What do you suggest for the exploitation fan that’s seen everything? Actually, that question might be better unanswered, but should the situation arise, consider Arthur Cullipher’s recently released Headless.
When a film opens with a killer moaning with pleasure as he has sex with a recently detached head, you know it probably won’t be coming soon to a theater near you. However, before we dive into the particulars, let’s take a look at how this delightful piece of nastiness came to be.
In 2012, director Scott Schirmer unleashed a film called Found onto an unsuspecting audience. A hauntingly personal film about a teenager who suspects his older brother is a serial killer. It went to some seriously dark places, many of which were featured in the fake film within a film, Headless. A grim and gruesome homage to the sadistic grindhouse slashers of the late ’70s, Headless felt all too real – so real, in fact, that fans started to clamor for a real world version of the film.
Welp, after a successful Kickstarter campaign, that film is finally here, and it was most definitely worth the wait.
In this “lost slasher film from 1978,” a a skull masked killer (Shane Beasley) is on a rampage, abducting and murdering women in some extremely graphic ways. This includes chopping off nipples, gouging out eyes and, as mentioned earlier, having sex with their severed heads. And it’s all shown in gruesome detail.
Early on, we are introduced to a little boy known as “Skull Boy” although he isn’t referred to as such. The boy acts as the killer’s subconscious and leads him along the way in his frenzied massacre (think about Frank the Rabbit from Donnie Darko, then amp up the creepiness factor a few thousand notches). The boy adds an essence of eeriness and keeps you fully intrigued throughout, and as such we learn more about the killer’s backstory and how he became the way he is – and let’s just say, it’s not a pretty sight.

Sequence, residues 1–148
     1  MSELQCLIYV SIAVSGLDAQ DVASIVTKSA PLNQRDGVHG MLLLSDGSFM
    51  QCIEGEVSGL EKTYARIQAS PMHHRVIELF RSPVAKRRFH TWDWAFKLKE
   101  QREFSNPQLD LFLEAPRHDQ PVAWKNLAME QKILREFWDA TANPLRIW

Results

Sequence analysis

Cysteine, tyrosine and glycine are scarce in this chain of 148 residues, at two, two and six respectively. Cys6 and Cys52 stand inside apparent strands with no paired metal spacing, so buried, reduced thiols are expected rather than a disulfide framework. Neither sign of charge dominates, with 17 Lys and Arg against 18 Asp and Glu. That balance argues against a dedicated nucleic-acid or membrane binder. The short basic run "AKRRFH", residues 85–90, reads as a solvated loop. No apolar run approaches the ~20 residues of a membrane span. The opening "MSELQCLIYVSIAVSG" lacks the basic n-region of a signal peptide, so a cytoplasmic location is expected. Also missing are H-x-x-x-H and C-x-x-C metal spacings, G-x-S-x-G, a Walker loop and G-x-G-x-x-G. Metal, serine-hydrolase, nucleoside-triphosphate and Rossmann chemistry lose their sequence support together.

If you haven’t already surmised this already, this film is quite graphic, with a number of brutal scenes that will make even the most jaded viewer sit up and take notice. The term “not for everybody” was never more pertinent. However, if you’re able to unplug your morality meter for a bit then you should have no problem appreciating this audacious taboo trampler.
Whilst being released in 2015, the late ’70s atmosphere is soaked into every frame, as it proudly wears its influences on its sleeve. The film is indeed a loving homage to all of the grimy, gory and reprehensible grindhouse films of the the era. Cullipher (who was also in charge of special effects here and in Found), is obviously a fan of the genre and the films that spewed forth from it during the aforementioned time period.
Any technical faults this unrelenting movie has will soon be wiped from your memory, but the underlining feeling of gut-wrenching savagery will remain for many nightmares to come. Less of a horror film than just plain horrific, nothing here seems to be meant to necessarily scare you, but it is meant to hit on every guttural impulse you have. You’ll undoubtedly remember Headless long after the credits; in that it does not disappoint.
Let us know your thoughts on this future cult-classic in the comment section below.